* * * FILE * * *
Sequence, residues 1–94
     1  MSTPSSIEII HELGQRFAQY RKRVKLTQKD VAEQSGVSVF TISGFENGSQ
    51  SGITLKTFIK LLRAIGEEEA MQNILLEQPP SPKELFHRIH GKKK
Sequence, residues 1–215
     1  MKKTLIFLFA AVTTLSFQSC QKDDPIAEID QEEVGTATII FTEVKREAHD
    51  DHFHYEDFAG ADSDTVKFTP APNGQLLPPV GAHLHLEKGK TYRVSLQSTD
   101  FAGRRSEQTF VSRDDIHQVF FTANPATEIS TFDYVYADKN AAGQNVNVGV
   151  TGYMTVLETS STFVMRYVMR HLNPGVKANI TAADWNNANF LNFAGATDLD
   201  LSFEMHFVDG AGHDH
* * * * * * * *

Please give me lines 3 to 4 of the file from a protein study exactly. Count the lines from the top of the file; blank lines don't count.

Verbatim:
    51  SGITLKTFIK LLRAIGEEEA MQNILLEQPP SPKELFHRIH GKKK
Sequence, residues 1–215